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The suspension of disbelief required by kabuki is massive, making the possibility of a play failing to express its intended meanings always imminent. Rather than show you reality, kabuki tries to convey its most important messages in abstract and stylized portrayals of emotions, events and people — making it, as Tokyo’s National Theater of Japan describes it, a “presentational” art rather than a “representational” one. Misunderstand the meaning of kabuki’s actors and you are metaphorically left at sea.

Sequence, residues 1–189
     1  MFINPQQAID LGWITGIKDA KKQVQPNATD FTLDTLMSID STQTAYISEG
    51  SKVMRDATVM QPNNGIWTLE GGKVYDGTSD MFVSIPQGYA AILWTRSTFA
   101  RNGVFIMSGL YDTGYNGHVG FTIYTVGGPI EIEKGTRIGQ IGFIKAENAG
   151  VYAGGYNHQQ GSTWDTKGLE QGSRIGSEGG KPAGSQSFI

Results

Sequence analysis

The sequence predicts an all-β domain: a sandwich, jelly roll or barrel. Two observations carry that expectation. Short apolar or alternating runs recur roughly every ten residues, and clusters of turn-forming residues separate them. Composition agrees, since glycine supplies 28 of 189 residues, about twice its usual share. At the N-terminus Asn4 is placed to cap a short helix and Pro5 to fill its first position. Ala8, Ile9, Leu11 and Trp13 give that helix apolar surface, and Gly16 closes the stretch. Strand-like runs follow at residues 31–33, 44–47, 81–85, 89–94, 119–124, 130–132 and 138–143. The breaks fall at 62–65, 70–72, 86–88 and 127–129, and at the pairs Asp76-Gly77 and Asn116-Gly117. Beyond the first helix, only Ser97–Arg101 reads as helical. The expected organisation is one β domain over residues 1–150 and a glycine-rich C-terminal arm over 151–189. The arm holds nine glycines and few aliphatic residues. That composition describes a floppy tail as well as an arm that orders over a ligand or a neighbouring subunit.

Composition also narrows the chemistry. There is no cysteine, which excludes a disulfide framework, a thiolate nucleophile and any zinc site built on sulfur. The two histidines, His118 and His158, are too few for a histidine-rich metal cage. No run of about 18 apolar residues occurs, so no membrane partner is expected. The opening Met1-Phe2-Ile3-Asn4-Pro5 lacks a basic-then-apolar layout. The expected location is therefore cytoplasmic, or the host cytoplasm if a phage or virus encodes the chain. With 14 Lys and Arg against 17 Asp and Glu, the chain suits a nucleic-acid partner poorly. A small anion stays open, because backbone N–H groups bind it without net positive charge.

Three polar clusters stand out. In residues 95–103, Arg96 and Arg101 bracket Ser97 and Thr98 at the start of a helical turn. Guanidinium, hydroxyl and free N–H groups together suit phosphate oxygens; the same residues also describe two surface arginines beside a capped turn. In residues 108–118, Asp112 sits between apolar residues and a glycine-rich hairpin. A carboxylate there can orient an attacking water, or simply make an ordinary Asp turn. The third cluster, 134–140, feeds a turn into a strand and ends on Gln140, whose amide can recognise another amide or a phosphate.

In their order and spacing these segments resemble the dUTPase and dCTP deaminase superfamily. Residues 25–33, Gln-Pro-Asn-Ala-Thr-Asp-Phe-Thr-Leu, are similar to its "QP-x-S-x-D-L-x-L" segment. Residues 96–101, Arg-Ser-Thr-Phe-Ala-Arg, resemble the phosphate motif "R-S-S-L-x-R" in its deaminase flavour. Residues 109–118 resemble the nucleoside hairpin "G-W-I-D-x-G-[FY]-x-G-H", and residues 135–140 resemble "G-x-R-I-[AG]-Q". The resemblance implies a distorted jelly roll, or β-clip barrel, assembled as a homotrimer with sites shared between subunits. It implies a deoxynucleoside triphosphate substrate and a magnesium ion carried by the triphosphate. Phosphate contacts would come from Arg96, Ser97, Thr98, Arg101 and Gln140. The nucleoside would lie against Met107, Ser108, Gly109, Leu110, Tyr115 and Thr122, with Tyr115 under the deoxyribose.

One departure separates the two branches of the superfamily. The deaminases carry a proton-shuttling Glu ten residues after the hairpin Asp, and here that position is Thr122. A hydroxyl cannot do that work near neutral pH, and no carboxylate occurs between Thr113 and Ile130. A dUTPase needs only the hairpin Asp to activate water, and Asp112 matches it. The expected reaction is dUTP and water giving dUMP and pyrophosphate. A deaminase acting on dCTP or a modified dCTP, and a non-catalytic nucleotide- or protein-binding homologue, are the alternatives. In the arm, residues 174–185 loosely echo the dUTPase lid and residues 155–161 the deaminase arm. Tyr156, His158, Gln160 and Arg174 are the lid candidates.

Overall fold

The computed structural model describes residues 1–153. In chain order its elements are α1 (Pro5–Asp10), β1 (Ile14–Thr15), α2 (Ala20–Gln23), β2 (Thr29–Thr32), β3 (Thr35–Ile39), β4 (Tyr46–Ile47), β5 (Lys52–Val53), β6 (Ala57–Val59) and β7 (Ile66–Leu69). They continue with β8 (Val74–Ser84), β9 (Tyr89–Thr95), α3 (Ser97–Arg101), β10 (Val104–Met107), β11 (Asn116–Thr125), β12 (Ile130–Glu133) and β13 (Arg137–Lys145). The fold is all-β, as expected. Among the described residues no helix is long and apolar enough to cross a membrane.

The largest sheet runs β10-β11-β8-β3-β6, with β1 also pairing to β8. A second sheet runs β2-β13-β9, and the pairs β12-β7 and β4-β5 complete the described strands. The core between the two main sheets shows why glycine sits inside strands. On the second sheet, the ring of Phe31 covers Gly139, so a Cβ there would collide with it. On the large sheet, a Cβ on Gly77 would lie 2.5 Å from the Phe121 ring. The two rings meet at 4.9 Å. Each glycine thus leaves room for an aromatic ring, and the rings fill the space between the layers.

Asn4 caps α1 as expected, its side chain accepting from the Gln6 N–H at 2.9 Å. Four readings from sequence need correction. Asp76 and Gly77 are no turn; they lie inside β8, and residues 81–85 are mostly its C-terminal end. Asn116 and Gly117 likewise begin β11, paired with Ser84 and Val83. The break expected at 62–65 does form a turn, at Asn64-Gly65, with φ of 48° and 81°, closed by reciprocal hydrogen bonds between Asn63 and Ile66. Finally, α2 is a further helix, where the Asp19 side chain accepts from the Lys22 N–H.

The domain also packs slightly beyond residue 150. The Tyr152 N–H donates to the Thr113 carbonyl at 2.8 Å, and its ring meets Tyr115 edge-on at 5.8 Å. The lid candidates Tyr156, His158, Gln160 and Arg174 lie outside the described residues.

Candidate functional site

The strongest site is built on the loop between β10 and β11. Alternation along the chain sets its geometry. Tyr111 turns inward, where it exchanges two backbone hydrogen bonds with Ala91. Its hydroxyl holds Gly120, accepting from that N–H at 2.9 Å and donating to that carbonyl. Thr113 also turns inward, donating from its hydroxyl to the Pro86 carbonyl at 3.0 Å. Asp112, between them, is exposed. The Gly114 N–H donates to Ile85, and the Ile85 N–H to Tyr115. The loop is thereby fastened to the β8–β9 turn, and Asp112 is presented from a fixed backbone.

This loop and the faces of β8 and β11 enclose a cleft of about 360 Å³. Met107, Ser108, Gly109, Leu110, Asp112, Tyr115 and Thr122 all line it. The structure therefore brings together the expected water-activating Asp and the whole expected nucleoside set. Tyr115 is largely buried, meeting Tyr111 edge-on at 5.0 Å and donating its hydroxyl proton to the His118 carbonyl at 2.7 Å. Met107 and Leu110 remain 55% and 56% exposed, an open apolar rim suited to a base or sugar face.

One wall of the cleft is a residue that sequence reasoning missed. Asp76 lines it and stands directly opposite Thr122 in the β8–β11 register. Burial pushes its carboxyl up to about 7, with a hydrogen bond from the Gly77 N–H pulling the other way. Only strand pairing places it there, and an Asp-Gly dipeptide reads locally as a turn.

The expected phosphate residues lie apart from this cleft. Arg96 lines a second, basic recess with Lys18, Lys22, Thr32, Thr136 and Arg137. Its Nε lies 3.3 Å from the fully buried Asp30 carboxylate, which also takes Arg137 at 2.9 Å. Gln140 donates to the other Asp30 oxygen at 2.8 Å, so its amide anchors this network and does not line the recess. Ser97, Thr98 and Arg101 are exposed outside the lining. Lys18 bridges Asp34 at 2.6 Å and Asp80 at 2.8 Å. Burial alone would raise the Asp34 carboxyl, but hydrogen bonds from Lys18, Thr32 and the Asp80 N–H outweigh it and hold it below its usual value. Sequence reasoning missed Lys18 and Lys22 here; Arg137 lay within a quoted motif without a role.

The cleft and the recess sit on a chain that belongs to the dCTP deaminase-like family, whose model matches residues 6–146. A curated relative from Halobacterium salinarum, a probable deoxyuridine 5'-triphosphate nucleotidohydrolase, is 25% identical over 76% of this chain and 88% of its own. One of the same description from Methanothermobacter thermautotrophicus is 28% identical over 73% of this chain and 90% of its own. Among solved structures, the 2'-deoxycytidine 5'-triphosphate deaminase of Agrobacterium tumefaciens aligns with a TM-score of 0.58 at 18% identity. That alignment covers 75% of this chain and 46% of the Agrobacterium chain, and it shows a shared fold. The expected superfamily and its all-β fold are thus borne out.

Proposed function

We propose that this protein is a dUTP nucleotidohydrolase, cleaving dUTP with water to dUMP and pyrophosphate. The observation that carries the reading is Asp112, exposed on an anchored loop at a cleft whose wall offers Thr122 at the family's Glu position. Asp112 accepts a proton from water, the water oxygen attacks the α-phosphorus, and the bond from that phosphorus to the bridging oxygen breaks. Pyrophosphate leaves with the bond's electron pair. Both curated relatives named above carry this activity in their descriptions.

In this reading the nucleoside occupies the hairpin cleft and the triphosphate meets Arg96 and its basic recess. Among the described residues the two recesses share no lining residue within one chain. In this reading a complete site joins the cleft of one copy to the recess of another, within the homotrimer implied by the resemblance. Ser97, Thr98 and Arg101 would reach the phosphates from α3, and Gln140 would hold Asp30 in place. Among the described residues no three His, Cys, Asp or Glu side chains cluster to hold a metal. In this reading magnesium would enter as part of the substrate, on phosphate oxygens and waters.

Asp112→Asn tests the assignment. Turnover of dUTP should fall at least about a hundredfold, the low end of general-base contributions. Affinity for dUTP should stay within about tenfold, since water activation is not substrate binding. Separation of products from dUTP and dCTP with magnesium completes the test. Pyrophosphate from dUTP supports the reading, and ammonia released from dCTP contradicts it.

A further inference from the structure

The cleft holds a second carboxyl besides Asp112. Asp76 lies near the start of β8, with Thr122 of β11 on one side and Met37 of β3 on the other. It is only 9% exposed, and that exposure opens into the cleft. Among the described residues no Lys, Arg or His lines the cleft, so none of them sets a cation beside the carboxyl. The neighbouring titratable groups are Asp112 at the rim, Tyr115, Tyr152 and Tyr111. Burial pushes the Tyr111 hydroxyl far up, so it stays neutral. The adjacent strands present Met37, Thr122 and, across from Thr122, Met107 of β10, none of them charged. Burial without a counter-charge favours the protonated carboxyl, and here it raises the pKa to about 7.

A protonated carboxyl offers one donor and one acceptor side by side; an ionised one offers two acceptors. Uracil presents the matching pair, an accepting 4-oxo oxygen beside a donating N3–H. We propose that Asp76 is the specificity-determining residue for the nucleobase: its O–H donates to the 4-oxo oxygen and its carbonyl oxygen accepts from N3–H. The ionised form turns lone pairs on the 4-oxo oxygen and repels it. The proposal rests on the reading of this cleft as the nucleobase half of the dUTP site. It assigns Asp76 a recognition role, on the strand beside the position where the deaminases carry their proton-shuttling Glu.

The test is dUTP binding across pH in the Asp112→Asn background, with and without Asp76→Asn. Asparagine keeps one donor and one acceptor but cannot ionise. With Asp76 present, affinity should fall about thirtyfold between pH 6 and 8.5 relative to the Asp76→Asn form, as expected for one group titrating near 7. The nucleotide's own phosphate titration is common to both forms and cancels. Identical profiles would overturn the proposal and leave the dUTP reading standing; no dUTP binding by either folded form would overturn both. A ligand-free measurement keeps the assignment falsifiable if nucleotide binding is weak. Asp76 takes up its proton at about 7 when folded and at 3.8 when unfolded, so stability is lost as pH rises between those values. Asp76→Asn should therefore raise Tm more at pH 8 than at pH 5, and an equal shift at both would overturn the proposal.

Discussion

This is most obvious in the genre’s more historical or mythical stories. There the art form’s regard for its own traditions (theater can take itself seriously, but kabuki is in a class of its own) can become so exaggerated that the merest suggestion of emotions, actions or relationships is expected to be enough to explain all. Luckily, with later plays from the Edo Period (1603-1867), this seems less important, as works from this time are more likely to be told in easily digestible sizes and to be about characters and situations that are simpler for modern audiences to relate to. Often, the plays feel like contemporary soap operas or sitcoms — combining the light touch of humor with the heavy tragedy of human misunderstandings, and imparting a ready moral.

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